Today, however, this is no longer supported. The option isn’t available within Windows 8, and Microsoft has posted on its website that it no longer provides support for Windows XP Mode, going so far as to say that it recommends you only use the tool if your PC isn’t connected to the internet (thanks to numerous security issues that may be present).
If you’re still using Windows 7 and have XP applications you wish to use, this remains a good option, as you can use the XP mode as a sandbox, keeping your Windows 7 system safe and sound.
– User Account Control is a variant of sandboxing, restricting program access
– Sandboxie creates isolated sandboxes for programs to run within
Sandboxing usually requires extra software, such as a virtual PC program, but you can operate your PC with more safety using some basic principles that apply to sandboxing – that is, restricting access to your PC.
This can be achieved by simply running programs as a limited user instead of one with admin rights. This way, no changes can be made to the PC, so programs can’t do anything they shouldn’t. This won’t protect you from any potential viruses, but any attacks that make changes to the system can be prevented. Therefore, it’s a good trick to use if you’re testing out new software downloaded from the internet.
Windows makes this kind of sandboxing very easy, thanks to User Account Control (UAC). With this turned on, any changes a program attempts to make to your PC are questioned, and you’re prompted to intervene. This means you always know what’s going on behind the scenes and if a program needs to make changes to or gain access your system.
– You can quickly run browsers and email via preset options
– Create a new file in a sandboxed app, and you’ll be able to recover it right away
Pros And Cons
That’s just a couple of virtual machine apps, and these are very effective ways to sandbox. However, they do have their ups and downs.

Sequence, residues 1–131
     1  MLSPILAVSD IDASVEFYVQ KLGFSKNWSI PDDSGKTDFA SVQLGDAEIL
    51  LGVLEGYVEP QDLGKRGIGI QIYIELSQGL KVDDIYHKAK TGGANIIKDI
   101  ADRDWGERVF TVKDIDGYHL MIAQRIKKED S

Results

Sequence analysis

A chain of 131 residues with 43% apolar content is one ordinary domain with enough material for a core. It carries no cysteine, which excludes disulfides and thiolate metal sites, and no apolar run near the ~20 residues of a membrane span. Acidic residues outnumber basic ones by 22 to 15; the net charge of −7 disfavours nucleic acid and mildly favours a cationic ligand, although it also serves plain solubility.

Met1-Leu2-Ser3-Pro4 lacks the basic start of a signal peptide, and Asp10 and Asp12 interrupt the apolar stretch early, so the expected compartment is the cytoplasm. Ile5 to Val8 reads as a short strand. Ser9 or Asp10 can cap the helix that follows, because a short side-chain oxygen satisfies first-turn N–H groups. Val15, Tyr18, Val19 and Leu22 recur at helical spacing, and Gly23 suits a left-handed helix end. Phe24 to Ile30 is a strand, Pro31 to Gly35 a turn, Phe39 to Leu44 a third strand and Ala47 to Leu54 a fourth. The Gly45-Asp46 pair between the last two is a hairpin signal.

On the plus side, there’s arguably no safer way to test programs and browse the internet, as the virtual PC is separate from your real, physical computer ,and any attacks or problems are contained. It’s a great security solution, and if you use a free application, you’re golden. Virtual machines even have their own IPs and names, so they can be identified on your network and externally. This all requires a lot of computing muscle, though.
Running a virtual PC within another PC takes a lot of power and resources, and after you’ve assigned the virtual PC’s share of memory, hard disk space, CPU usage and so on, your system will be very busy dividing its resources between the real and virtual system. This obviously means it’s not going to be as fast as usual, and you’ll notice both the real and virtual PCs aren’t going break any speed records.
This is fine if you’re not planning on heavy use, but if you need to run powerful apps and don’t have a monster PC, you’re going to suffer. If this is the case, the virtual PC option may not be the best one for you. There is another option you may want to consider, however.
Sandboxie (www.sandboxie.com) is an intriguing take on sandboxing, not only in name but in how it works. Instead of virtualising an entire PC, Sandboxie creates (what else?) a sandbox for programs to play in. It does this by isolating a portion of your hard disk and running any applications within it. Programs are unable to make any changes to any other part of your computer, and even things like temporary internet files are contained. As an example, if you run a browser within a sandbox and download a file, it’s saved to the sandbox, and if you want to move it to your actual PC, you have to recover it first. Simple.
Let’s rake a quick look at how to use Sandboxie. First, you’ll need to install Sandboxie, and once you’ve progressed through the initial tutorial, you’ll be able to use the program itself. To begin, open the program and right-click the ‘Sandbox DefaultBox’ option. Here you’ll be able to select from a few options, including existing presets and set up your own. To do this, go to the ‘Run Sandboxed’ option.
You can select options to run common applications like internet browsers and email. Selecting these options will run your default
– When you delete a Sandboxie session, you’ll be able to recover any files you need